Despite all the commentary and hype surrounding startups, there’s a reason that many fail to develop into bigger companies. The lean and hungry startup is not only able but supposed to take risks that more established firms cannot do owing perhaps to both organisational inertia and inflexibility. While this often results in more ‘failures’ than it does long-standing successes, the risks startups take can be of enormous teaching value in terms of providing case studies to larger, more well-established companies about what went right or wrong.
Likewise, start-ups looking to transition to the next stage could learn an awful lot from larger companies — once startups themselves — about long-term development and consolidation of both the brand and internal culture. Startups lack the kinds of structure and procedures which characterise established firms, but these will need to be implemented if a startup wants to take it to the next level. There are a lot of opportunities for both sides to share good practice and learn from each other.
The exchange of ideas and good practice between big, established companies and startups is often derided as superficial ‘innovation theatre’. Adopting the ‘perks’ of startup culture, such as open-plan office layouts or staff canteens, corporations posture and make it appear as if they are ‘innovating’ while sales continue to stagnate and the firm fails to break into new markets. They’re still just as rigid as before, having failed to learn the real lessons from startups about problem-solving, risk-taking, and experimentation. Investors remain conservative and management less entrepreneurial.
While startups do often successfully seek efficiencies by shaking up work patterns or by cutting through red tape and bureaucracy normally faced by bigger companies, it’s “how startups attack problems and mobilise talent that makes them unique,” argues Zachary Johnson for Forbes. “It’s being able to focus single-mindedly on one problem that allowed Salesforce.com to become the king of CRM. It was a reputation for hiring brilliant people that made Google such a desirable place to work.” For him, startups bring discipline to ‘mistakes’ (ideas, trial, error, iteration) building a safe space to incubate new ideas.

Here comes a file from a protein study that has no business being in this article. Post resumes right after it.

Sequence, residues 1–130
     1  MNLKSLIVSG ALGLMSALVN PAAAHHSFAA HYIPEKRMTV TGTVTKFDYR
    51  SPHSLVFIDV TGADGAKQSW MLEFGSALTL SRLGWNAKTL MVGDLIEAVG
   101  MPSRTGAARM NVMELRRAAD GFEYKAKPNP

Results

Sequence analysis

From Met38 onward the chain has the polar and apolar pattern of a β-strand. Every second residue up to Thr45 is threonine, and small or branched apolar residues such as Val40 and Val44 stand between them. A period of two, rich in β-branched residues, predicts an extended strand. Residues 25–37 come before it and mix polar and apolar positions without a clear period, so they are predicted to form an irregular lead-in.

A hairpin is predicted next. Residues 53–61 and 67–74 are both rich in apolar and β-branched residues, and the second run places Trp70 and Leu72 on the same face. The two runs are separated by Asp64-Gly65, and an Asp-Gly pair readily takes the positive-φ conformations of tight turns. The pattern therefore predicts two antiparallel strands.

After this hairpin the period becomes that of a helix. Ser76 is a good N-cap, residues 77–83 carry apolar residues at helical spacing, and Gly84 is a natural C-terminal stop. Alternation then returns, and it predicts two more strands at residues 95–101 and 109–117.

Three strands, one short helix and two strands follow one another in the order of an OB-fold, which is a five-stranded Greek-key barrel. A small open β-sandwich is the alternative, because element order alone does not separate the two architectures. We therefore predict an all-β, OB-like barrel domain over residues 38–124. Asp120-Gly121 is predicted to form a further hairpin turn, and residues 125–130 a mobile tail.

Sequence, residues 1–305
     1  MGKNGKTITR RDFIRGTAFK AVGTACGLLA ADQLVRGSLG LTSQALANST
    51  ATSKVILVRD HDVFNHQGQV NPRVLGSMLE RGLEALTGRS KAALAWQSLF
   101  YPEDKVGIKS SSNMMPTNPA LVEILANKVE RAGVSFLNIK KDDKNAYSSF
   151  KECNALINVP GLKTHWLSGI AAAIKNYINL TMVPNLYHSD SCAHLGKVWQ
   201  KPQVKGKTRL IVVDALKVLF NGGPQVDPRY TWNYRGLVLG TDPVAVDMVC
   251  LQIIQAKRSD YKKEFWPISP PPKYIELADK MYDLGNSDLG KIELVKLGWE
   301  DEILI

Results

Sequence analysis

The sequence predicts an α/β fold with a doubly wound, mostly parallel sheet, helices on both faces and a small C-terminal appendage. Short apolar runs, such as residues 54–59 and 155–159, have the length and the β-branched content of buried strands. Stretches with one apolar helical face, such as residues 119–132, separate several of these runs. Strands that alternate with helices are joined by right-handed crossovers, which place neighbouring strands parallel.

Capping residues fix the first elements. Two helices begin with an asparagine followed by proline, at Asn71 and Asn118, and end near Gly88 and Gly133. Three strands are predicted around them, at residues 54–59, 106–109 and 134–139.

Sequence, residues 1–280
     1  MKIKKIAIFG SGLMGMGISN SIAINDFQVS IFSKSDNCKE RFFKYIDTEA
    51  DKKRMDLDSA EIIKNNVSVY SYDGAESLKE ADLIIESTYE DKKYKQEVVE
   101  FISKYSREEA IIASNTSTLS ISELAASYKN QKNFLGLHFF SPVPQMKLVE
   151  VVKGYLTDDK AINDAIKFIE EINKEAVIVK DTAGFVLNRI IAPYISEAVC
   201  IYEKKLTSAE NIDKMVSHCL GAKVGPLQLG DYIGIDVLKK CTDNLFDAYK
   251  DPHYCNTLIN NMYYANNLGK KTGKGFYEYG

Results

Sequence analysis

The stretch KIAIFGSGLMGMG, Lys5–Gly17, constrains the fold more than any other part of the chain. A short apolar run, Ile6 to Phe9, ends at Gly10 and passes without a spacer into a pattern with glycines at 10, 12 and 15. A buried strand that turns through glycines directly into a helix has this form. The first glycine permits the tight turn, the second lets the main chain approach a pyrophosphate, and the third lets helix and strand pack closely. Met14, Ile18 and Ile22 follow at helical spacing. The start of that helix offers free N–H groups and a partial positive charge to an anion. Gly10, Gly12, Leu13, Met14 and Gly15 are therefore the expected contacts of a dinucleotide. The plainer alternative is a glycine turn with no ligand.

Building a space for corporate experimentation must have a clear end goal or objective in place to maximise resources. Both startups and corporations must strike a balance when learning from one another – taking too many cues from startups is untenable and risky for a company with a stable portfolio while inheriting a rigid organisational approach from larger companies can strip startups of their edge that makes them successful.
Before any knowledge exchanges can take place or be put into action, there need to be clear boundaries and goals in place. What issues are you aiming to solve by adopting similar practices to companies of a comparatively different size and perhaps even industry to yours? “Startups by nature have to validate their ideas, so they value experimentation and exploration.” Any experimentation or knowledge exchange should likewise be clearly justified.
The rise of ‘intrapreneurship’ could hold the answer to a clear path for knowledge exchange between firms of vastly different sizes and experience levels. Intrapreneurship involves giving employees the means to dedicate their time to pursuing innovative ideas unrelated to their everyday tasks. This gives stakeholders throughout the organisation the opportunity to rise above the ranks, take risks, and pursue new ideas without fundamentally upsetting the regular, productive order of things. The intrapreneur takes risks “within the context of their job in the company” to implement “policies, technologies, and applications that resolve a barrier to productivity increases”. Working in conversation with a wide range of trends outside of the company, and, supported by shareholders and management, these autonomous ‘intrapreneurs’ are able to become key entrepreneurial forces and push the organisation in a new direction and can even result in spin-off brands that have a totally different brand, culture and product line to that of the ‘parent’ company.
Intrapreneurship makes perfect sense in any market that is facing disruption or long-term stagnation, or for any firm that is failing to keep up with the pace of innovation in its industry. Most entrepreneurs of startups want to grow and expand into an empire. As they achieve this ambition, they too will need to implement more structures and controls to ensure the business grows in a particular direction. Intrapreneurship and the acquisition of new business disruptors will ensure that they remain the dynamic and flexible players they were at the start of their journey. Their future could depend on it.
Photo copyright: Christopher Futcher